Saoirse Ronan, how could you? I almost fell off the couch
Donald Clarke: Few noticed her ‘Chesil Beach’ faux pas. Which is good. Isn’t it?
Reviewing the film adaptation of Ian McEwan’s On Chesil Beach, I remarked on a minute breach of middle-class etiquette. Saoirse Ronan is reliably excellent as the daughter of a snobbish upper-class academic. Look closely, however, and you will see her doing something that simply wouldn’t happen. I felt like a Harry Potter fan noticing that the Fourth Spell of Craptimus was being read above an incorrectly decorated amphora. While dining with her new husband, Ronan’s character holds her knife like a pen.
No person raised in such a snobbish environment would consider such an outrage. Disciplined by a mother drilled in the conventions of middle-class English dining, a young woman in 1962 would be as likely to empty her food on the floor and, like a farmyard pig, eat it snortingly on all fours. Or put elbows on the table. Or tip her soup bowl towards rather than away from herself.
The news that nobody noticed the error on set may confirm that the sillier dictates of table manners are fading. This must be a good thing. Enough stubborn re-enforcements of class structures remain without our retaining the arcane rules so enamoured of creative snoots such as Nancy Mitford.
Any German or Swede reading John Betjeman’s poem How to Get on in Society would be baffled as to the point
If you can’t be bothered to plough through that writer’s Noblesse Oblige, a guide to U – or upper-class – and non-U behaviour, then you can get a sense of the regulations in John Betjeman’s poem How to Get on in Society. Any German or Swede reading the piece in translation would be baffled as to the point. Beginning “Phone for the fish knives, Norman”, it rattles through a series of supposedly non-U errors common among the nouveau riche.
There are three in that first line alone. One does not say “phone”. Fish knives are a relatively modern invention, popular with American arrivistes. Simply nobody is called Norman, darling. Betjeman goes on to mouth such horrors as “couch” rather than “sofa”, “lounge” rather than “sitting room” and “serviette” rather than “napkin”. The killer gag in the last verse hangs around a carefully positioned rhyme. “I’m afraid the preserve’s full of stones / Beg pardon, I’m soiling the doileys / With afternoon tea-cakes and scones.” If you rhyme “scone” with anything other than “gone” then you should feel truly chastened.
Not every upper-middle snob was quite so strict as Betjeman or Mitford, but a bewildering array of unnecessary conventions spread across the 20th century and into our own. When spaghetti became popular in the 1970s new rules had to be invented for a dish that not even Lord Rumpetty of Bumpetty could comfortably eat with knife and fork. Somebody in some castle decided that a spoon should be held in the left hand and that every bite should be spiralled in that implement’s bowl before being raised to the mouth.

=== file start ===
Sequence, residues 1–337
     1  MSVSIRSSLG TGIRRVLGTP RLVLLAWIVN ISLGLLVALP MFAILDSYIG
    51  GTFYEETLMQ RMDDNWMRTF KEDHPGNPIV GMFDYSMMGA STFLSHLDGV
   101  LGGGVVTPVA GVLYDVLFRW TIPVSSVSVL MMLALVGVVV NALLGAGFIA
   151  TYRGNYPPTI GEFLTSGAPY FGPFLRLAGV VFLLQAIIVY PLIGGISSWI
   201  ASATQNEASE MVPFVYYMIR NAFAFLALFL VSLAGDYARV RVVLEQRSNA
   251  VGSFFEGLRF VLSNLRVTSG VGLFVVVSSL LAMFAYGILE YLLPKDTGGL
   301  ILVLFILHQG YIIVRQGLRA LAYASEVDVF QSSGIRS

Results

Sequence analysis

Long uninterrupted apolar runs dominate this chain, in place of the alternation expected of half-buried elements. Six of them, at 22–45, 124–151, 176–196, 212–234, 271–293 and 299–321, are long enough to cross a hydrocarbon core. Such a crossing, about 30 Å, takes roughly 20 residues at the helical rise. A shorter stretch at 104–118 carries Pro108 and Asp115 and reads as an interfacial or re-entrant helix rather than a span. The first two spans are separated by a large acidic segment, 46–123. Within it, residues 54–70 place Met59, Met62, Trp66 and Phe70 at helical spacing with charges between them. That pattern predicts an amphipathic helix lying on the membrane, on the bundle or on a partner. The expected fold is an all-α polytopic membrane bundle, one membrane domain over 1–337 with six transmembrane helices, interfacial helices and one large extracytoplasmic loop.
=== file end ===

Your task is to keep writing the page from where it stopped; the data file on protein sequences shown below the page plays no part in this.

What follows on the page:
Using a spoon to eat spaghetti is for children, amateurs and people with bad table manners in general, according to Italian restaurateurs
It was a spectacularly tedious business, but, for those in thrall to this gibberish, the notion of eating with fork alone was as foreign as dining with a trowel. Back in 1982 the New York Times asked some of the city’s leading Italian restaurateurs about the practice. “All those at the table were adamant,” the Times reported. “Spoons are for children, amateurs and people with bad table manners in general.”
Defined in these terms, “good table manners” are a tool for social division. It may be charming for Debrett’s Handbook to argue that “a true gentleman was a man who used a butter knife when dining alone”, but the dictum implies that any fellow who dares to move Kerrygold directly from packet to toast is some sort of oik. The rules are also invariably arbitrary.
The key distinction is between manners and courtesy. Nobody likes to see masticated food. It is, thus, courteous to avoid opening the mouth when chewing your sausages. It demonstrates an uncomplicated politeness to wait for guests to be seated before diving into your own food. But your grip is not important. There is no sane reason to worry about how to angle the cutlery after clearing your plate. Why the heck am I expected to use a dessert fork when eating trifle?
And yet. These conventions get as ground into the psyche as do religious dicta. Just as a lapsed Christian may, even in the privacy of their own home, feel uncomfortable about standing on a copy of the Bible, somebody raised to obey conventional table manners will feel forever awkward about using their fork as a scoop or clearing scraps at the table.
We are a profoundly irrational species. Pretending these conventions have intrinsic worth is one way of scaring away that horrible realisation.
Enjoy your scones. However you pronounce them.
Read Donald Clarke’s review of On Chesil Beach here